Lightweight kayak fishfinder

TimberTodd

Well-known member
I am looking at adding a fishfinder to my kayak, but want to keep the weight down as much as possible. I like what I read about the RayMarine Dragonfly4. I am cautious though not knowing what I would need for a battery. I do not want to pack a large 12 volt battery. I have looked into the Hawkeye Fishtrax 1C, but the only reviews seem to be by the manufacturer. I am also still in the dark after researching them as to whether they show structure or not. My primary use will be for finding structure, depth and bottom contours. Anyone have experience with small portable fishfinders?
 

C_Run

Well-known member
I don't know about that model bet I'd recommend color and not grayscale for the finder in a kayak. I'm about to replace my Humminbird because I can hardly read it when the sun is out. Yeah, a 12 volt battery weighs maybe three pounds +.
 

TimberTodd

Well-known member
Thanks C_ Run for the insight. I am gonna have to look closer at 12 volt batteries. I was thinking I was going to have to power one with a 12 volt deep cycle like I used with my electric trolling motor. That rascal weighed way more than 3 lbs.
.
 

pinstriper

Well-known member
TimberTodd;n607243 said:
Thanks pinstriper. What brand of battery are you using?

Pffft. Whatever Amazon was selling and also fit the 8" round hatch battery kit from Hobie. SLA batteries are fungible.

In fact, IIRC when I bought the Hobie battery kit from Amazon it offered up a package deal that included a battery. I took the deal.
 

Casting Call

Active member
C_Run;n607240 said:
I don't know about that model bet I'd recommend color and not grayscale for the finder in a kayak. I'm about to replace my Humminbird because I can hardly read it when the sun is out. Yeah, a 12 volt battery weighs maybe three pounds +.

Look into a portable self contained batt. (4 to six dbl AAs, color by hummingbird Tony
 

GaryP1958

Active member
Go to Bimart and get a small lawnmower battery about 25 bucks I run my Ship to Shore on it, I also have Humminbird takes 6 AA batteries and 99 cent store ones last about 8 hours. Works well and very light!
 

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pinstriper

Well-known member
Go to Bimart and get a small lawnmower battery about 25 bucks I run my Ship to Shore on it, I also have Humminbird takes 6 AA batteries and 99 cent store ones last about 8 hours. Works well and very light!

I used one of those for a while. It puts drag on one side of the boat and I was always fighting to maintain directional control.
 

plumbertom

Active member
Okay, cons to those SLA batteries. They are heavy. face it they have lead in them.
The only way to cut the weight is to lower the available power life.
SLA batteries can have problems, like voltage drop, in cold weather.
One more thing to realize is they can have a short battery life.
It's hard to find a small deep cycle SLA battery. They aren't intended to be drained fully.
So, Positive: Lots of power for the money
Negatives: Heavy, not good in cold, short shelf life, and the voltage can drop below 12V
Most Kayakers today that want to minimize weight use lithium batteries.
Small and light weight can fit almost anywhere, full power delivery until the battery is depleted, less power loss in cold weather, and an exceptional battery life.
They are expensive though and they have had problems with fire risk although those have been mostly addressed by the makers.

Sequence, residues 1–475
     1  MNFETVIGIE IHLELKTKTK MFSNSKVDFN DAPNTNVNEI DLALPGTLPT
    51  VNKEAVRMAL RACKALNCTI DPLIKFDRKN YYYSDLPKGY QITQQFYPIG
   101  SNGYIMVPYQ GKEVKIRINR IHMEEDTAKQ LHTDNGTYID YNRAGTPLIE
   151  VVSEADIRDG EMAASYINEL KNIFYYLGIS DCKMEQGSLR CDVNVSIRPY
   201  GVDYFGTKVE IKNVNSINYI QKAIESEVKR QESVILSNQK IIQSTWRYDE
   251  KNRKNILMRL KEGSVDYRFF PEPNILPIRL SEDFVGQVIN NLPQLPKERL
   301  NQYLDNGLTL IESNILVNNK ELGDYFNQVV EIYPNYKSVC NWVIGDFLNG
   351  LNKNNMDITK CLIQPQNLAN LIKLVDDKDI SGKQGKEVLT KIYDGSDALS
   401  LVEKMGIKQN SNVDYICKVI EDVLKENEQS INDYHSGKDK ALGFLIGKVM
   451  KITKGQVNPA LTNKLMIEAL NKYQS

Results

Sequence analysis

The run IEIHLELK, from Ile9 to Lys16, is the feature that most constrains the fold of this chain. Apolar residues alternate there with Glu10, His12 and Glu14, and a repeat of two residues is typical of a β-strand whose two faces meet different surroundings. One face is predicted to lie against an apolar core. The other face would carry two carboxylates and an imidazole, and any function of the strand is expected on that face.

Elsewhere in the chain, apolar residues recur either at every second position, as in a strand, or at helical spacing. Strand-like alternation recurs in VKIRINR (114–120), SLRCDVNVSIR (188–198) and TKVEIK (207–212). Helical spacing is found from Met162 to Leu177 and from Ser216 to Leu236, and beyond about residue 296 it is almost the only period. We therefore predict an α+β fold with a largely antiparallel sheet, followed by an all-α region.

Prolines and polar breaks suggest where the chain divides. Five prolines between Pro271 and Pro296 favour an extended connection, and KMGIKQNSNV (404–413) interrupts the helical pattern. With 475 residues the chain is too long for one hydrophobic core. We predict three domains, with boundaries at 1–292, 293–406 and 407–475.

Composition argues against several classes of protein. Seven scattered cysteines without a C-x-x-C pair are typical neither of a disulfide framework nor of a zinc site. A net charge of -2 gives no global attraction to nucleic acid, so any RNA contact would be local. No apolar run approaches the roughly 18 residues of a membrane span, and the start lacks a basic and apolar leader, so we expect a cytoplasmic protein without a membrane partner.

So, Positives: Light, small, all 12V, no cold weather battery loss, and longer shelf life.
Negatives: EXPENSIVE and must take precautions for battery safety
 

DrTheopolis

Well-known member
A friend has a Bottom Line Fishin Buddy. Takes a few AA batteries, weighs next to nothing, shows depth, structure, and an occasional fish blip. Nothing fancy, in fact crude -- but light and cheap.
 

TimberTodd

Well-known member
Thank you for that kind offer my friend. I think I am going to plan a trip to WestMarine in Tigard and compare the Hook4 and Dragonfly4 units. I believe that is the direction I am headed.
 

pinstriper

Well-known member
What kind of boat ? Some have the ability to mount the transducer in a scupper. Otherwise you can cement it to the bottom of the hull on the inside, using goop or other marine sealant.
 

TimberTodd

Well-known member
Its a Nucanoe Frontier. I am considering one of 3 mounting options. Either through a scupper, magnetic mount to the side of the hull or one of the battery boxes with the bendable arm extension for the transducer, I am leaning towards that 3rd option.
 

pinstriper

Well-known member
TimberTodd;n607349 said:
Its a Nucanoe Frontier. I am considering one of 3 mounting options. Either through a scupper, magnetic mount to the side of the hull or one of the battery boxes with the bendable arm extension for the transducer, I am leaning towards that 3rd option.

Ah. Ok, so you're not going to paddle that beast much anyway, so a transducer arm won't hurt you.

Are you planning on a small gas motor or a large electric trolling motor ? Either way I'm surprised you're worried about shaving weight off the fish finder.
 

Andrew.p

New member
Mostly Fishfinder needs extra battery pack. But there are few fishfinders which have buit in battery system, but those are not good as the traditional fishfinder.

I am using Garmin Striker 4 on my Kayak with external waterproof battery pack. Working fine since 3 years, no problem faced.

My some clients always ask what the best Best Kayak Fish Finders. so i made made a list, i you going to ask same questions. 😜
  1. Garmin Striker 4 (My 😍)
  2. Lowrance HOOK Reveal
  3. Garmin Striker 4cv
  4. Lowrance Elite 9 Ti
These are my favorites, which i personally used. If have any question, don't hesitate.
 

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